DYNAMIC DUO: The American-Israeli folk duo Larry and Mindy have responded to the coronavirus pandemic that has sidelined their live performances by announcing a free live-streamed concert for fans on their mailing list this Monday at 7 P.M. “We’re going to be singing songs from the ‘60s and ‘70s, telling a few fun and entertaining anecdotes about the songs/singers, and maybe even do an original song of ours,” Larry Fogel, who hails from Florida, told Haaretz. “We’ll give them a glance at our music room/office ... introduce our pets – as long as they cooperate – and keep our eye on the chat window. Maybe even take a request or two.” The husband-wife team also just released a song about the coronavirus lockdown on YouTube. To join the mailing list, visit the Larry and Mindy website. A private link will be posted about 15 minutes before starting time.
A FIVE-MINUTE PLAY: The coronavirus pandemic may have closed the physical doors of Center Stage, but Israel’s English-language professional theater company will be going beyond its borders Thursday with a five-minute online play. “It was born out of the idea we have to do something a little bit differently,” Daniella Crankshaw, who co-founded the company with her husband, Grant Crankshaw, told Haaretz. “A five-minute play is easy to write, pretty easy to read and can get a lot of people involved. Not only that, we wanted to cross the border because it’s on Zoom, so why keep it just in Israel?” She said actors have contacted the theater from the United States, South Africa and England wanting to take part in the festival, and late submissions will be accepted as well. For more info, visit centerstageisrael.com or the company’s Facebook page.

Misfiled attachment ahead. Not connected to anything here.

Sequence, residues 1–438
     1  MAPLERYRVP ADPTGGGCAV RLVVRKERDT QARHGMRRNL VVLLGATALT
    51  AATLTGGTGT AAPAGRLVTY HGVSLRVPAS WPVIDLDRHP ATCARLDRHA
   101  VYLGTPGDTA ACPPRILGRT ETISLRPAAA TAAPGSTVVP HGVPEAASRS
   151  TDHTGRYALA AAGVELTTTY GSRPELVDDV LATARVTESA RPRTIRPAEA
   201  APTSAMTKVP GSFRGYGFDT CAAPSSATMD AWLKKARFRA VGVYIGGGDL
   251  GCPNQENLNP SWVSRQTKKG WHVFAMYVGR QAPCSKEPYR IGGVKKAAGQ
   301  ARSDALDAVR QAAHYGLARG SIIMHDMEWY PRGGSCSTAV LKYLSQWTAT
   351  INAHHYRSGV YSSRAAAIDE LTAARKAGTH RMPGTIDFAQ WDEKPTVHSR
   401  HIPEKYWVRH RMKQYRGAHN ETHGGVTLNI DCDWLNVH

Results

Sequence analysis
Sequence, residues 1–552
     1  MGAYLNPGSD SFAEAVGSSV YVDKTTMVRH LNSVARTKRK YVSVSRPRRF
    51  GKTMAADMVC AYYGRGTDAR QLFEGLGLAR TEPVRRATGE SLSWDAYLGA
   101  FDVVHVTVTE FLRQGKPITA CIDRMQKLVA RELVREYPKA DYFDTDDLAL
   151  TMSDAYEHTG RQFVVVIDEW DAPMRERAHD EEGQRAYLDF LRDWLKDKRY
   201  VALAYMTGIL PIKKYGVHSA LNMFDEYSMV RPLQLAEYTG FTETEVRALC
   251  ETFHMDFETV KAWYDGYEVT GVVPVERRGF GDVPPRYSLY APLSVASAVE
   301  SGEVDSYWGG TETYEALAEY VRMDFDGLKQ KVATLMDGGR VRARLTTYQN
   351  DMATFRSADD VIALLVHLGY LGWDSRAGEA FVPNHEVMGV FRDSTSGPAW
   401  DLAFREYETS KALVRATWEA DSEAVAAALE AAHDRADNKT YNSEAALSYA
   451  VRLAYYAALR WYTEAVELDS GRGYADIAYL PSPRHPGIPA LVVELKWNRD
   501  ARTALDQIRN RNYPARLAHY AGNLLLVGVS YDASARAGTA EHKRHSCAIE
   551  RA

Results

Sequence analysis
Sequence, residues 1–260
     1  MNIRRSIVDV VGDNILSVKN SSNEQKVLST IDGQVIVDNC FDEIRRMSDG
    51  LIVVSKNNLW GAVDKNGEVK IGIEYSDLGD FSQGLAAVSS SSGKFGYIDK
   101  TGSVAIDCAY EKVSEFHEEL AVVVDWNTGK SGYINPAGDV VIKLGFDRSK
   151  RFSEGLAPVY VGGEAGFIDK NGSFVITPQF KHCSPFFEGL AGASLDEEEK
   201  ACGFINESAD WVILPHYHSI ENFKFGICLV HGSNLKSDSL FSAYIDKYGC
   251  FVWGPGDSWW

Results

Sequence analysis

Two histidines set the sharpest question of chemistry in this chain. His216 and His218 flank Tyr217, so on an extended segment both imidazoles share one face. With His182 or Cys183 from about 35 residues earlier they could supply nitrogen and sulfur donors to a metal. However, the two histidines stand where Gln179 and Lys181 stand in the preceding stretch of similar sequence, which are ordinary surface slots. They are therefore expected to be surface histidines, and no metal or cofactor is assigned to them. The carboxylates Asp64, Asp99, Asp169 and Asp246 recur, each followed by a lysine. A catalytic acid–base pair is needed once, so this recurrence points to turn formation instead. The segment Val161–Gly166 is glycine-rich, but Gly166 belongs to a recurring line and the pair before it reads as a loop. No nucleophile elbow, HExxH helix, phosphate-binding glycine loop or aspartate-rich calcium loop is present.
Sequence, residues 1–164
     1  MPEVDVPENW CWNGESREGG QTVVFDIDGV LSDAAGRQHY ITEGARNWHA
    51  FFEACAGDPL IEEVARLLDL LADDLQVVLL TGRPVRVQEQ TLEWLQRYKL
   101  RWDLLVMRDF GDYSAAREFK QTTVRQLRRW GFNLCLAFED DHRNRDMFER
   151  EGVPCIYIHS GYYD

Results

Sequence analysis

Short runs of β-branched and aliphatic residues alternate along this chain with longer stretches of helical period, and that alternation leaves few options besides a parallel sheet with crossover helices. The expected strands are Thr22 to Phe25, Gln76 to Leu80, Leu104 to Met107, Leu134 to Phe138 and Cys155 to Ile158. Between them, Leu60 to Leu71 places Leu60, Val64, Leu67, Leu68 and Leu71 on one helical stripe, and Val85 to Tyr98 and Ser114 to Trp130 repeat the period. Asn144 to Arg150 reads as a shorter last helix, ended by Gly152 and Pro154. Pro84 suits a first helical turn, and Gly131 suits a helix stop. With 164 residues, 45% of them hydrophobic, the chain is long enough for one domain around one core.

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CORONA THERAPY: Crossroads, which works with English-speaking at-risk youth, has found that its reach has actually grown during the coronavirus pandemic. The NGO has held more than 180 crisis/therapy sessions on Zoom over the past few weeks, reaching more than 250 participants. “It opens up questions for me as to the geographic boundaries of what Crossroads does and who and where it does it for,” Crossroads director Robbie Sassoon told Haaretz. “Not only have we seen our regular clients in Israel but we’re continuing to see any student or even citizen who went to family abroad until this is over. So we’re seeing clients in England, South Africa, Australia, the United States.” He noted that “the physical and emotional energy that has gone into this has actually been more intense” for the staff, adding that “we’ve gotten so much appreciation from our clients, and the volunteers are so thrilled to help us.”
Rank and File was compiled by Steven Klein.
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